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8 July 2020

Creating a hostile environment: How to combat essay mills


Gareth Crossman
Head of Policy and Communications


In late 2017, when QAA first published guidance for the higher education sector helping them to combat essay mills, we didn’t expect to be publishing a new edition less than three years later. Of course, the world of higher education has changed immensely in recent months, and that’s been reflected in the new guidance. But the decision to rewrite had been made well before the word ‘coronavirus’ had any common usage outside the world of virology. And while UK governments presently have many demands on their time, the fact that the guidance was endorsed by university and education ministers in England, Wales and Scotland shows that academic misconduct remains an issue of concern across the UK.


We have updated the guidance for two key reasons. Firstly, although for obvious reasons it is impossible to say how many students are using essay mills, research evidence indicates demand - certainly internationally - has increased. It is a serious issue with global impact. Secondly, the feedback we received through our survey indicated that use of essay mills is becoming more normalised, with students having used essay mills before entering higher education. Although we are relying on anecdotal, rather than statistical data, this tallies with the experience of our campaigning work. Our collaboration with the BBC to stop YouTube influencers promoting essay mills, for example, saw marketing clearly pitched at younger GCSE and A level students.


This might sound negative and defeatist, but it is critical that guidance produced by QAA reflects the reality of essay mill use to be effective in combating it. Because of this, a number of key recommendations have been introduced in the new edition.


Firstly, and possibly most importantly, institutions need to take a coordinated strategic approach. In updating the guidance, we carried out a survey of higher education providers across the UK. One of the strongest messages that came out of the survey is that approaches to combatting academic fraud could be more consistent across institutions. To help with this, we recommend that a strategic lead for academic integrity should be appointed, with responsibility for staff training and institutional coordination. Ideally, this should be a formal part of an academic role, although we are also conscious that COVID-19 has had a significant impact on institutional finances.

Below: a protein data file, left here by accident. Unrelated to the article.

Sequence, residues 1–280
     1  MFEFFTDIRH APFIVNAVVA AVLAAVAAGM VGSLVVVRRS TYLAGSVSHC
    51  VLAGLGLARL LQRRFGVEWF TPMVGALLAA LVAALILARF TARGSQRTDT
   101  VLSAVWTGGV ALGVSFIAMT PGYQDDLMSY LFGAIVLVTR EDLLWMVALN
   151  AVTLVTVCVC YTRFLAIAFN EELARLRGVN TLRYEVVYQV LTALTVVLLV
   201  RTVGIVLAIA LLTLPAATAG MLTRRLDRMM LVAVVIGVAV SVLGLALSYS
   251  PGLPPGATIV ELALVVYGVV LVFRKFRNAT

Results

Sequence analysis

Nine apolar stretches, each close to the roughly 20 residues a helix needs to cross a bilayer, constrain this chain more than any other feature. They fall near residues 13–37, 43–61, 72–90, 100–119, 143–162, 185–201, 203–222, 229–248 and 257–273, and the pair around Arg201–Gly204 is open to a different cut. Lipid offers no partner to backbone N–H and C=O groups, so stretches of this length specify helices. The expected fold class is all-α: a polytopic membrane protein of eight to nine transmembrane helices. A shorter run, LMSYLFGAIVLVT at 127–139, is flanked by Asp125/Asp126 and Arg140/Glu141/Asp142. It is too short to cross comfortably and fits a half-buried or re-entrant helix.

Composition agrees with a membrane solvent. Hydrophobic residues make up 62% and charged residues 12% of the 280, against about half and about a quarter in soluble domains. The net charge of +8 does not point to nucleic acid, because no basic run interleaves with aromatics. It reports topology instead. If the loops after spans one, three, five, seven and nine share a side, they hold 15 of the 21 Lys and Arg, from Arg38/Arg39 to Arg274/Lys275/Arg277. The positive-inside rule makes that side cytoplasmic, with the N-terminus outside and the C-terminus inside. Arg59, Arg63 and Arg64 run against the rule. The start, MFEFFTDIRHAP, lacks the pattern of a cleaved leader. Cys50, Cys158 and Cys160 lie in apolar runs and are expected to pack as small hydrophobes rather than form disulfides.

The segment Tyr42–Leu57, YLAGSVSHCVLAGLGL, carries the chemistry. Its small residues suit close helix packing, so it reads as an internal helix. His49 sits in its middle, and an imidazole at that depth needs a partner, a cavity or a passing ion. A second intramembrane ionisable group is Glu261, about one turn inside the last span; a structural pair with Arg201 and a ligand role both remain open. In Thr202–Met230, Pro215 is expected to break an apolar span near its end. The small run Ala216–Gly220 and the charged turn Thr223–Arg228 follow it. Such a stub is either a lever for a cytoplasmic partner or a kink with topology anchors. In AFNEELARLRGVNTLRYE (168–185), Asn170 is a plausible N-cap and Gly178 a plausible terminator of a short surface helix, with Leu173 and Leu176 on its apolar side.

Linked to this is the importance of experienced staff with training in the detection of academic misconduct. While technology-based tools can help identify suspicion of cheating, Australian research shows that detection rates are improved when cases are managed by staff who have a good understanding and previous experience of institutional processes.


In the previous version of the guidance, we spoke of ‘designing’ cheating out of assessment. There is indeed much that can be done in assessment design to make cheating and the use of essay mills more difficult, for example, by using ‘authentic design' strategies that are more reflective of the ways in which students will actually use their knowledge. Assessment design as part of staff training is a key recommendation in the guidance. However, implying that some courses could be ‘cheat proof’, could potentially lead to complacency.


While the guidance is not written in response to COVID-19, it does reflect the impact of the pandemic. Many essay mills have sophisticated marketing that targets students, often using the social media channels with which they are familiar. We’ve seen examples of advertising that seeks to take advantage of the anxiety and uncertainty students have felt during the pandemic and as a result of being distanced from their academic community. As a consequence, the guidance has increased emphasis on providing students with effective institutional support and access to peer networks.


Essay mills are not going away. So long as there is money to be made by encouraging students to cheat, they will continue to target higher education. Some of their practices are becoming increasingly sinister and exploitative, with evidence of students being blackmailed by essay mill companies threatening to tell their institution they have cheated.


This guidance alone won’t stop essay mills, but it will help by making it more difficult to cheat, and disincentivise students from cheating by increasing the prospects of detection. We believe the way to defeat essay mills is to remove the financial incentive by creating a hostile environment for operation. We hope to persuade the government to criminalise essay mills and are encouraged by the fact that, shortly after the guidance was published, the Westminster Government’s response to a parliamentary question from the Liberal Democrat Peer Lord Storey indicated an increased willingness to look at the introduction of legislation. We will continue our campaign to persuade social media platforms like PayPal, Google and YouTube not to allow essay mill advertising. We are also working with quality assurance agencies internationally to identify and raise awareness of global trends in essay mill activity.


So, there is much to be positive about. In our survey of higher education providers, we identified areas of good practice from institutions across the UK, such as the development of online skills and support modules for students, institutions setting up academic integrity forums, assessment design in staff training and designing investigation processes to improve detection rates. This shows how seriously the sector is taking the threat essay mills pose. The harder essay mill operation becomes, and the less they profit, the less incentive they have to continue.